FBI: Hackers used malicious PHP code to grab credit card data

Unidentified attackers accessed credit card data and created a backdoor into the victim's systems, says law enforcement agency.
Written by Liam Tung, Contributing Writer

The Federal Bureau of Investigations (FBI) is warning that someone is scraping credit card data from the checkout pages of US businesses' websites. 

"As of January 2022, unidentified cyber actors unlawfully scraped credit card data from a US business by injecting malicious PHP Hypertext Preprocessor (PHP) code into the business' online checkout page and sending the scraped data to an actor-controlled server that spoofed a legitimate card processing server," the FBI said in an alert.

It said the "unidentified cyber actors" also established backdoor access to the victim's system by modifying two files within the checkout page. 

SEE: Just in time? Bosses are finally waking up to the cybersecurity threat

JavaScript-based Magecart card-skimming attacks have been the main threat to e-commerce sites in recent years, but PHP code remains a major source of card skimming activity. 

The attackers began targeting US businesses in September 2020 by inserting malicious PHP code into the customized online checkout pages. But earlier this year, the actors changed tactics using a different PHP function.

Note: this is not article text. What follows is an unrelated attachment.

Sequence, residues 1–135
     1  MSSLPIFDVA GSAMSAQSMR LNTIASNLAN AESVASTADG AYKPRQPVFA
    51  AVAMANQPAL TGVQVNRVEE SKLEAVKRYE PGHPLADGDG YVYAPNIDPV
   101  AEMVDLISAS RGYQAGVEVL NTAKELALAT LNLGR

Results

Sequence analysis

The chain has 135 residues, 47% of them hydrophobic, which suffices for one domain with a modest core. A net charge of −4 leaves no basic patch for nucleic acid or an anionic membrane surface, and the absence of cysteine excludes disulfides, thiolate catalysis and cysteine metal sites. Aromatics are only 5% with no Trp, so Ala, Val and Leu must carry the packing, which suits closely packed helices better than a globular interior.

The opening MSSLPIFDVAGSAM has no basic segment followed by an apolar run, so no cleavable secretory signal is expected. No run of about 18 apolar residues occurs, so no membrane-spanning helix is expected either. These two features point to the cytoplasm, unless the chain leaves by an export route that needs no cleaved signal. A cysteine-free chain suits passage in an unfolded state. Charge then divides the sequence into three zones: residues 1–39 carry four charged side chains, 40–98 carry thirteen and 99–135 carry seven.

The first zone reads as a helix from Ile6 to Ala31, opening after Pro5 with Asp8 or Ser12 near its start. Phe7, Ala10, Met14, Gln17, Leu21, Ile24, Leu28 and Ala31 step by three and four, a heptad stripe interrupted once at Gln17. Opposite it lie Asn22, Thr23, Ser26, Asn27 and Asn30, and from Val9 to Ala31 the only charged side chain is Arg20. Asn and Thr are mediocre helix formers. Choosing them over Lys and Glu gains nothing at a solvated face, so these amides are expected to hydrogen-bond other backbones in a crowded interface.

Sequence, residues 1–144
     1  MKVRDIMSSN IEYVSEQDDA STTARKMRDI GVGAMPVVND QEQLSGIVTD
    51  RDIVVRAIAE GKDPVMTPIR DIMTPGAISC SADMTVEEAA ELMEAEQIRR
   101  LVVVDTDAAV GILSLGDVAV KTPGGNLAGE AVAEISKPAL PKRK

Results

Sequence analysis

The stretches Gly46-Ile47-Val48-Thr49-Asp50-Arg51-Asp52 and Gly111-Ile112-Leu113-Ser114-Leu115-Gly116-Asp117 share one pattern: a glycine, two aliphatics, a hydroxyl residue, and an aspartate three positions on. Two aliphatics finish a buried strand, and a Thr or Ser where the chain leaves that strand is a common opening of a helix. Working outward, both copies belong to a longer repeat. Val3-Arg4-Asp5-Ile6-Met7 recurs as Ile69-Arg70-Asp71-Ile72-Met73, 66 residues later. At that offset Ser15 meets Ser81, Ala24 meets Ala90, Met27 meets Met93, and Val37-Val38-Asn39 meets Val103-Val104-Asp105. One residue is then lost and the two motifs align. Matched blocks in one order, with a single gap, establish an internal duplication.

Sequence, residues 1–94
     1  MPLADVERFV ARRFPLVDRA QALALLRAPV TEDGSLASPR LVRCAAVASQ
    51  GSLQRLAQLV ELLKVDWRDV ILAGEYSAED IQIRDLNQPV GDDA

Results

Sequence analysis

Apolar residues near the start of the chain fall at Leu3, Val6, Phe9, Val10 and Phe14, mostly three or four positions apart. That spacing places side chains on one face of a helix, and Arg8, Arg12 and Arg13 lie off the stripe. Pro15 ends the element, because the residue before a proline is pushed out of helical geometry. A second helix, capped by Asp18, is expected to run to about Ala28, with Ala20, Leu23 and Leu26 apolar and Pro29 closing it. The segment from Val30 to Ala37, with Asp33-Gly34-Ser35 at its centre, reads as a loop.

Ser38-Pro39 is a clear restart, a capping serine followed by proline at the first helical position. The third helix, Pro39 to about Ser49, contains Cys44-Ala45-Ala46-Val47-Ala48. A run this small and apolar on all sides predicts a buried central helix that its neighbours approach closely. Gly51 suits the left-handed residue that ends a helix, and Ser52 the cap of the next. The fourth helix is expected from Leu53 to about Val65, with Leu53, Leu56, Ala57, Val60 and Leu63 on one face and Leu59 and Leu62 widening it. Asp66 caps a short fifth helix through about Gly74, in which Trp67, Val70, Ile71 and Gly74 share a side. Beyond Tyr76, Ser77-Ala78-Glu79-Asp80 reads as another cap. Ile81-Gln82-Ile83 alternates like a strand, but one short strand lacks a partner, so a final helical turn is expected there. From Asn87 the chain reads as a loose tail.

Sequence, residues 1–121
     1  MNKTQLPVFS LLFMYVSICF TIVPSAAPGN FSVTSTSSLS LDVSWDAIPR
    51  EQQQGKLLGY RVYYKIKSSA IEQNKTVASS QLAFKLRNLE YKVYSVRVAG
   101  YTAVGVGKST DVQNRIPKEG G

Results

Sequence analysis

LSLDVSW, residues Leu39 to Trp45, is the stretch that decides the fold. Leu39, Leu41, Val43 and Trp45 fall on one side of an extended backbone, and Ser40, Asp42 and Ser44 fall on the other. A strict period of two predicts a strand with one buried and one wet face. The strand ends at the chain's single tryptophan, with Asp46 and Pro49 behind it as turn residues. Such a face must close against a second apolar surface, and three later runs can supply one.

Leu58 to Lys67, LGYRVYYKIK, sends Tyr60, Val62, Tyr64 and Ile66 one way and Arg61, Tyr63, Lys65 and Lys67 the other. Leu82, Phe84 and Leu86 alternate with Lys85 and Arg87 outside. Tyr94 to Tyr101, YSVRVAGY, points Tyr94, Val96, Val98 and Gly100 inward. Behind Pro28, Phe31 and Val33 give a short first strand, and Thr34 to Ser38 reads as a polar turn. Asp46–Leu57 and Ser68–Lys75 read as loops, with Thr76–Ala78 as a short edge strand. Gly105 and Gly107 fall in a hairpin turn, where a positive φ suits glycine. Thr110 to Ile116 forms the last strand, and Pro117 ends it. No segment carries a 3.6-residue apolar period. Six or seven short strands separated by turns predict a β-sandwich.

The actors create a basic backdoor using a debugging function that allows the system to download two webshells onto the US firm's web server, giving the attackers backdoors for further exploitation. 

The FBI's recommended mitigations include changing default login credentials on all systems, monitoring requests performed against your e-commerce environment to identify possible malicious activity, segregating and segmenting network systems to limit how easily cyber criminals can move from one to another, and securing all websites transferring sensitive information by using secure socket layer (SSL) protocol.

Security firm Sucuri observed that 41% of new credit card skimming malware samples in 2021 were from PHP backend credit card skimmers. This suggested that solely scanning for frontend JavaScript infections could be missing a large proportion of credit card skimming malware. 

As Sucuri explains, webshell backdoors give attackers full access to the website file system, often providing a full picture of the environment, including the server operating system and PHP versions, as well powerful functionality to change permissions of files and move into adjacent websites and directories. Webshells accounted for 19% of 400 new malware signatures gathered by Sucuri in 2021. The firm saw a "hugely disproportionate" rise in signatures in 2021 for PHP-based credit card stealers impacting e-commerce platforms Magento, WordPress and OpenCart.   

Editorial standards